Primal Christmas presents

Given the volume of catalogs flooding my mailbox, if Christmas came more than once a year, the earth would be suffering massive deforestation. That would be too bad, because what is Christmas without Christmas trees!

Aside from honoring the birth of Christ, many of the basic elements of the Christmas tradition — the tree, reindeer, a magical man flying through the air to bestow gifts, holly wreaths, mistletoe, elves and the like — originate from the folk traditions of northern Scandinavia, especially the native Saami culture, or Lapps.

This is special to me, as my family name traces its roots back to the Saami, where it was "Sweyn," before my ancestor "Olaf The Black" led his people to settle in northern Scotland, where they became the "Swans" of Clan Gunn.

With all the commercialization, the true roots of the season can be forgotten; which depletes the true spirit of the celebration — bringing light to the darkest time of the year.

To honor the roots of our Christmas tradition, every year we cut a live tree, put real candles on it, invite the neighborhood to come over, light the candles and sing carols around tree. (I also teach people to "Yoik" — a unique Saami style of singing — but that's another story.)

In keeping with the primal spirit of Christmas, the following are some suggestions about stocking stuffers that will light up the fires in a sportsmen's soul this Yule.


  • "Primal Dreams" by Barry and Gene Wensel, $20.00.

    Barry and Gene Wensel are icons of modern ethical bowhunting, and in this new beautiful nearly two-hour video the Wensels invite you into the romance and beauty of the outdoor experience seen through the eyes of true woodsmen.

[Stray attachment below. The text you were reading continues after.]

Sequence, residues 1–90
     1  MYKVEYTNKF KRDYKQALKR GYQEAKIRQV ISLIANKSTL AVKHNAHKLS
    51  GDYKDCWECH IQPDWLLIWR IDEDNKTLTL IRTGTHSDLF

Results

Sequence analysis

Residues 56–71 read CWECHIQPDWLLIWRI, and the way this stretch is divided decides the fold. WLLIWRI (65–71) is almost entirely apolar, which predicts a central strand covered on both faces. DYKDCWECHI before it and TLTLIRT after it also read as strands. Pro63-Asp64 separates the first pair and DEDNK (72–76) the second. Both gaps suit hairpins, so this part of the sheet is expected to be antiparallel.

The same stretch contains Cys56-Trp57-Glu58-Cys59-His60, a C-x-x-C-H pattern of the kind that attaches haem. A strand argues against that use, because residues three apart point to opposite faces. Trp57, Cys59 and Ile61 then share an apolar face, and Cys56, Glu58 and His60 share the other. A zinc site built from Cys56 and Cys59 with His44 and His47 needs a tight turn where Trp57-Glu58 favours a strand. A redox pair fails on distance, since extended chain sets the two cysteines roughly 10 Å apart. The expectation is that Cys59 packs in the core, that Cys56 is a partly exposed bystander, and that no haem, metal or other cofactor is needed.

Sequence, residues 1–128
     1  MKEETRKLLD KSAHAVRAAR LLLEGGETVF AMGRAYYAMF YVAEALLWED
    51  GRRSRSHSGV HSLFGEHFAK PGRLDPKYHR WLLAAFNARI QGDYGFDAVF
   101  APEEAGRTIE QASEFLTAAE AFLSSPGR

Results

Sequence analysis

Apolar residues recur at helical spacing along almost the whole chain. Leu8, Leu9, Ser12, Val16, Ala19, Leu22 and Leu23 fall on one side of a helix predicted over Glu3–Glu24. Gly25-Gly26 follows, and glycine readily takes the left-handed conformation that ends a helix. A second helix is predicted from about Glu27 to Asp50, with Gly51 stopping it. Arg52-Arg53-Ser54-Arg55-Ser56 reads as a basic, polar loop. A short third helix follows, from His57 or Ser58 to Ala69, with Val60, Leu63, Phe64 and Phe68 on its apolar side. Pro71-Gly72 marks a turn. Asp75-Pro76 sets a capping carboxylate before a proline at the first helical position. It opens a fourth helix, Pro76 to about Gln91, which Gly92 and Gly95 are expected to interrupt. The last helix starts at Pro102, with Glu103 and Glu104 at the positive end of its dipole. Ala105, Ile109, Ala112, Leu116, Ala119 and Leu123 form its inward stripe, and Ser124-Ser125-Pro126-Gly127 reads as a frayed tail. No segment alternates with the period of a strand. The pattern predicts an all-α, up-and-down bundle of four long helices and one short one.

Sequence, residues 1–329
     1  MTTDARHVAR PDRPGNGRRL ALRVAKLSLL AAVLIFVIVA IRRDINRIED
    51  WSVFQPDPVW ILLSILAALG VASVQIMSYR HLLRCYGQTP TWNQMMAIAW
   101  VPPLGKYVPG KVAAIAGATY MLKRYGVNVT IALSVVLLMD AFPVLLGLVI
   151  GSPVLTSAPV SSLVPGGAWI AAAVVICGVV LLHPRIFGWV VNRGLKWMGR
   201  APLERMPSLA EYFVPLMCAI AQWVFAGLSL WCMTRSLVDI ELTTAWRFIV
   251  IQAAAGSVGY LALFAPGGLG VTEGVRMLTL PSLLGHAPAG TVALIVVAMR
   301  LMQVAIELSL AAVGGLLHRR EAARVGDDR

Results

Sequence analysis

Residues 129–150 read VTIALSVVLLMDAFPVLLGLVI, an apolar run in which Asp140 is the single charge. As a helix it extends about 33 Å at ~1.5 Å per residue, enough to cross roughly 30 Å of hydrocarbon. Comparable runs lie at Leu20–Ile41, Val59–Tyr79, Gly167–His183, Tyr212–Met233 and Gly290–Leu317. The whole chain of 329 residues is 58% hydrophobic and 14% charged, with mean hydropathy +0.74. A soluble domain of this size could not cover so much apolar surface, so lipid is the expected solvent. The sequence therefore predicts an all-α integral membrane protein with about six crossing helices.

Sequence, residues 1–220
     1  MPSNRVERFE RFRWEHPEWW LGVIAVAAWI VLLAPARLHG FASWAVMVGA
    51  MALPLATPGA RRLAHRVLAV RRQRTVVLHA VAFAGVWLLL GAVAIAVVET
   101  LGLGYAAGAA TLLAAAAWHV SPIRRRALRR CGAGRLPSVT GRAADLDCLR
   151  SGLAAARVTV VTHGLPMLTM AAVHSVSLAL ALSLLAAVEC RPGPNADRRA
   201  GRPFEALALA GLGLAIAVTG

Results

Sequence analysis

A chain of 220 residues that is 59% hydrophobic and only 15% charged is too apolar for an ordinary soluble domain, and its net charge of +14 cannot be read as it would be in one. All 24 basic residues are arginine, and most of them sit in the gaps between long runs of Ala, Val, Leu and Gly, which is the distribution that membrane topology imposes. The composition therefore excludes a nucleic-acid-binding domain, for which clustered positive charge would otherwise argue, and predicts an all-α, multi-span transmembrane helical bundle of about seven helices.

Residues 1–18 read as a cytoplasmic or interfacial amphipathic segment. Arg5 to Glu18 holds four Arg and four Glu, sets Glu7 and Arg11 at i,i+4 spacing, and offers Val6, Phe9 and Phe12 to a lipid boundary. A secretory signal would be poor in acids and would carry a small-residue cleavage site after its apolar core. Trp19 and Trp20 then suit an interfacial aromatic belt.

Stunning scenery, majestic wildlife and spectacular music accompany the thrill of the chase. This is what dreams are made of.

    The commentary is minimal, often poetic, kills are infrequent and the overall experience is mesmerizing. This is the best video I've ever seen about the soul of the hunter. To order, go to www.brothersofthebow.com.


  • "Antlers: A Guide to Collecting, Scoring, Mounting and Carving" by Dennis Walrod (Stackpole; $16.95).

    The ideal gift for all you horny devils, Dennis Walrod's remarkable book about the allure of antlers goes far beyond scoring.

    Complemented by black-and-white photos and line drawings, the title delves into the biology of antlers, scoring, collecting sheds and using them for art, gives you instructions on making an antler chandelier, and even sheds light on the ancient claims that antlers are a source of magical medical powers — which turns out to be partially true.

  • "Sharks of The World" by Leonard Compagno, Marc Dando, and Sarah Fowler (Princeton University Press; $29.95).

    Ever since "Jaws," people have been caught up in mystique of sharks in the way that traditional cultures sometimes consider them gods.

    If you want a truly primal experience, have an eye-to-eye encounter with the spine-chilling and icy-cold eyes of a shark.

    But the world of the shark family is much, much more; and as this extremely detailed and beautifully illustrated field guide shows, there are a lot more sharks in the world than you might think.

    You can read this book on several levels. There are enough details for a scientist and a key to sharks of the world that takes some real study to use. But the pictures alone are worth the buy.

    If you meet up with a swimming shark anyplace in the world, this is the book that will identify it. The sequel should be about the two-legged variety!


  • "Drinkin' Town, Fishin' Problem" by the World's Greatest Fishing Band, 2005. $11.95 CD from www.fishingband.com.

    The World's Greatest Fishing Band is a down-home country act fronted by Gary Shiebler.

    The CD showcases a dozen truly original good-spirited and toe-tapping tunes about the ups and downs of piscatorial pursuits that will get your rubber boots tapping out a rhythm faster than a lunker bass can chomp down on a hula popper, including my favorites "Shake, Rattle and Troll," "Launching Ramp Blues," "Redneck Side of Him" and the unforgettable "It Really Makes Me Nervous (When You Touch My Rod)."

    James Swan — who has appeared in more than a dozen feature films, including "Murder in the First" and "Star Trek: First Contact," as well as the television series "Nash Bridges," "Midnight Caller" and "Modern Marvels" — is the author of the book "In Defense of Hunting." Click to purchase a copy. To learn more about Swan, visit his Web site.